It turns out that a significant part of the $1,750 per month per RV was to go to 'site staff'. Or almost $19,000 per month for the 20 RV lot. What kind of 'site staff' are needed that a high end, for profit RV park seem to be able to provide for much less? Really all that they need is a cop to cruise through a few times a night. And a part time handyman during the day.

It seems to me that the homeless problem is being milked by every city service organization, particularly social services. And that's why the problem may be insoluble. There are just too many do-gooders looking to make a profit off of this situation. And it just wouldn't pay to fix things once and for all and have a bunch of social workers needing to find honest employment in the private sector.

20

@12: “From your comment history...”

Not one word of which have you quoted here.

“...slap 80 of them down on a 5000 sq ft lot in an industrial zone, charge seven bucks a day...”

I am not now, nor have I ever been, a director of SHARE.

“The only thing you seem to care about is preventing tax-based financing of any form of shelter whatsoever.”

The main thing I care about on this issue is getting our homeless population permanently housed. Not in tent cities, not in shoot-up shacks, but in permanent structures with the basic civilized requirements you mentioned @9. Homeless persons who need healthcare and other resources to reach independence should get it, at taxpayer expense. Subsidized housing (e.g. Yesler Terrace, New Holly) for persons working their way up from the bottom. Squatters, happy drug-users, and thieves can leave — or have free rent, three solid meals a day, and basic plumbing, all in a very, very, very secure facility at taxpayer expense. (As the latter is the most expensive option, it should be the last resort.)

Now that you actually know what I really think, feel free to engage me.

21

@20

I can't help but notice you've left out the "how to pay for all that" part.

I favor a progressive state income tax for that, myself (once the state constitution is appropriately amended, of course). Do you have a realistic revenue plan, or do you want someone to give you all of those expensive things for free?

22

Seattle is already ahead of its time where RVs are concerned.

23

@21: I can’t help but notice you’ve assumed we need more money.

“The recommendations operationalize the vision that homelessness is rare, brief and one-time through shifting City of Seattle investments and promoting successful service models.”

“Available, existing funding is sufficient to rapidly re-house all long-term shelter stayers using a combination of permanent supportive housing (PSH) and rapid rehousing (RRH) plus critical time intervention (CTI) over a period of four years. Reallocating funds from existing, low performing projects can produce additional funding needed for rapid re-housing for one-time shelter stayers.”

https://www.seattle.gov/Documents/Departments/pathwayshome/BPA.pdf

Ridding ourselves of criminal encampments will simply require handing citations for illegal camping to all persons who refuse offers of help when their encampment is swept. The persons so cited will leave town rather than pay, and word will get around rather quickly that Big Rock Candy Mountain has closed.

(If you think a time-limited tax increase dedicated to sweeping illegal encampments would suffer the same fate as the head tax, I have a bridge to sell you in my native Brooklyn...)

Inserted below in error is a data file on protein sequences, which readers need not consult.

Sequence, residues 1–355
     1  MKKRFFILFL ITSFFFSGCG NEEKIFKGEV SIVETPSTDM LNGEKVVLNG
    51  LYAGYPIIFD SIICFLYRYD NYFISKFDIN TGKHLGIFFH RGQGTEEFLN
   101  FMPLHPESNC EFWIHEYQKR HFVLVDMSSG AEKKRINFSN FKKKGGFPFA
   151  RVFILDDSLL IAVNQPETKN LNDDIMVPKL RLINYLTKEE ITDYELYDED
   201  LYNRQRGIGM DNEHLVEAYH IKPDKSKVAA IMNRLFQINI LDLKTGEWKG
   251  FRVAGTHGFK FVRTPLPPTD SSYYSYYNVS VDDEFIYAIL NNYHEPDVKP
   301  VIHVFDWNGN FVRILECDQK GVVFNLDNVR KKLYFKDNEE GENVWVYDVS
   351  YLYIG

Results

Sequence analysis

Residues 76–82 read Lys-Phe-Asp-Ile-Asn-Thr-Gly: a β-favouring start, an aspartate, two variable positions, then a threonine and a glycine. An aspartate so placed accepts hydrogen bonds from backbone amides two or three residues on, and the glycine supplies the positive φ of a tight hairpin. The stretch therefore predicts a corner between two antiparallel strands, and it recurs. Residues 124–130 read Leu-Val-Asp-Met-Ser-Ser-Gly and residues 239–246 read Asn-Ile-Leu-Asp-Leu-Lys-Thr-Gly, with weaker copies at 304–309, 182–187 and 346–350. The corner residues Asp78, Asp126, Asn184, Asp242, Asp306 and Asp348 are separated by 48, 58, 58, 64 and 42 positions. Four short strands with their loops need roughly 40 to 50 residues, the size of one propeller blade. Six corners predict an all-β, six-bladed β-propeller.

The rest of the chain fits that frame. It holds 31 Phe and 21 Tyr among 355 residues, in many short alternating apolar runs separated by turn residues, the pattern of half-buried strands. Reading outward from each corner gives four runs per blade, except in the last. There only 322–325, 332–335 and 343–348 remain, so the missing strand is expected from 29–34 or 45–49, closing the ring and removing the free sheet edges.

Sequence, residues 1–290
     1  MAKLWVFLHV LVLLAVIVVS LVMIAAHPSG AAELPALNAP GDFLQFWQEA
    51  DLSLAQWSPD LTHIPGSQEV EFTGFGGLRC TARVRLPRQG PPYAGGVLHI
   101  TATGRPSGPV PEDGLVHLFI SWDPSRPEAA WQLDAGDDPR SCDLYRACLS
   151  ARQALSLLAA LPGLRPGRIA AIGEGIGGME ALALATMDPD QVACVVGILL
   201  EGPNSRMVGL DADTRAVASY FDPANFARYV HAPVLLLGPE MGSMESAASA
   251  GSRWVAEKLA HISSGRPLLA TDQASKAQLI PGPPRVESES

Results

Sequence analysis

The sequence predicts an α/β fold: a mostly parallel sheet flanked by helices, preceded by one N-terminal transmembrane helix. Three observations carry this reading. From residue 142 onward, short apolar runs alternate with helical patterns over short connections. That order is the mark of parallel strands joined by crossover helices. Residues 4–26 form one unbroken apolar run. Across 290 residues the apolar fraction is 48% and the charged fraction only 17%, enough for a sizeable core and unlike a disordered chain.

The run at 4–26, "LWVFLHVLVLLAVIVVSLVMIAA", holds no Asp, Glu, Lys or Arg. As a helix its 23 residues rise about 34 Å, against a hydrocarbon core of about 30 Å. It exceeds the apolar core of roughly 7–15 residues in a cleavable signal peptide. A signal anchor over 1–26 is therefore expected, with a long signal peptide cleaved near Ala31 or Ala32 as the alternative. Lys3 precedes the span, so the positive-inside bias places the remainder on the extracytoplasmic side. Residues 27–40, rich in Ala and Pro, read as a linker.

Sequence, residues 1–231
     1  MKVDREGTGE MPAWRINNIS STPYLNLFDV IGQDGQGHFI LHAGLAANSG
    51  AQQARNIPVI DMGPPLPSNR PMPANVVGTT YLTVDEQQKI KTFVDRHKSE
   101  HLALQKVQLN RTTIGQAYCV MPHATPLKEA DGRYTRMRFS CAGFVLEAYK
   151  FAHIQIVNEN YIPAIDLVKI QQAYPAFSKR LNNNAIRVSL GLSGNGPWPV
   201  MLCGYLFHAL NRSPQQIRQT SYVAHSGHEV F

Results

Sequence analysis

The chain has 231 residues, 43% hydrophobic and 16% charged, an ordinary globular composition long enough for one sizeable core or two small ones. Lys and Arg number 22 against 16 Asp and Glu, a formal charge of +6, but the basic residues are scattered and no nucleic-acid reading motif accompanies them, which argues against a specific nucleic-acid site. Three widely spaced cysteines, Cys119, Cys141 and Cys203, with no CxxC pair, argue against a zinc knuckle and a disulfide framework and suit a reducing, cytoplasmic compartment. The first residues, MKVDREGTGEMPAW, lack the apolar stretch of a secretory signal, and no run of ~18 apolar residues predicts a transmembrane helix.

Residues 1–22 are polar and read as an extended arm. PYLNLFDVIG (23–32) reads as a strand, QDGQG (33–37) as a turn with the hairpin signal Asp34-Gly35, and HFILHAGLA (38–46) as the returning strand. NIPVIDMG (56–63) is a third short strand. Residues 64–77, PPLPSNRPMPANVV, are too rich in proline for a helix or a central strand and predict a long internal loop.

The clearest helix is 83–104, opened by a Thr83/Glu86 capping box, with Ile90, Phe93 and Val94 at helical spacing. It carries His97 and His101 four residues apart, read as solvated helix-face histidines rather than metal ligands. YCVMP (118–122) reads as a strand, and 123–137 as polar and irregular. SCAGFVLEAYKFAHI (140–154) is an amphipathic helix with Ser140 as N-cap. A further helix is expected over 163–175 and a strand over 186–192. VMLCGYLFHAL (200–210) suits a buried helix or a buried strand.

24

@23

That's what a thought, you just want lots of expensive things for free.

You seem to have no interest in a realistic assessment of how much public housing we'll need to build for those who want it, or how many prisons and state mental instututions we'll have to build and staff for those who don't.

Instead, you just want it all without paying for it.

Such a sad little moocher you are!

25

@24: Calling me names doesn’t actually contradict anything in the report I cited. Your claiming over and over again, without proof, that shifting our spending priorities will cost money also does not actually invalidate anything in the report I cited. (I just thought you should know.)

Once you see the truth inherent to those statements of fact, you’ll have taken the first small steps to understanding how you received the humiliating and self-inflicted defeat we now call the head tax.

(Oh, by the way — does your paycheck come from SHARE, LIHI, or some other expensive wastrel of a publicly-funded, underperforming private bureaucracy of “homeless advocates”? Just curious.)

26

@25

Mewling about how mistreated you are in a comments thread isn't a realistic estimate of the costs of a comprehensive homeless-eradication program.

And hey, nice conspiratorial thinking, mate. Anyone who gently reminds you that prisons and mental institutions and drug treatment centers and staff and support for at least 2000 inmates/patients are going to cost a hell of a lot of money must be paid by the Homeless Industrial Complex, eh?

Good grief, get a grip on yourself, mooch.

27

Making up numbers is no more effective than calling names. You seem to have a real problem comprehending this. (Also, a “conspiracy,” by definition, consists of more than one person. I asked about one person — you — and you abused the question rather than answer. I suspect the Magic 8-Ball would indicate “yes” as the answer you refused to give.)

I cited the report the city commissioned to deal with the homeless crisis. You’ve called me names, fabricated numbers, repeatedly and falsely claimed I hadn’t acknowledged a tax increase may be required, and apparently told yourself these are all brilliantly effective argumentative techniques.

Have any idea yet as to why you lost?

28

In the last century there were quite a few mobile home parks where those who could not afford a house were able to find their own slice of the American dream. Now the trailer parks are gone (turned into fancy housing for the most part, it seems) and people are living in RVs parked on the street. Progress? A shabby 5th wheel trailer showed up in my little corner of the Wedgwood neighborhood a few days ago, slightly aslant due to the grade of the street. I wonder how long the residents in the suddenly "million-dollar-homes" will tolerate it.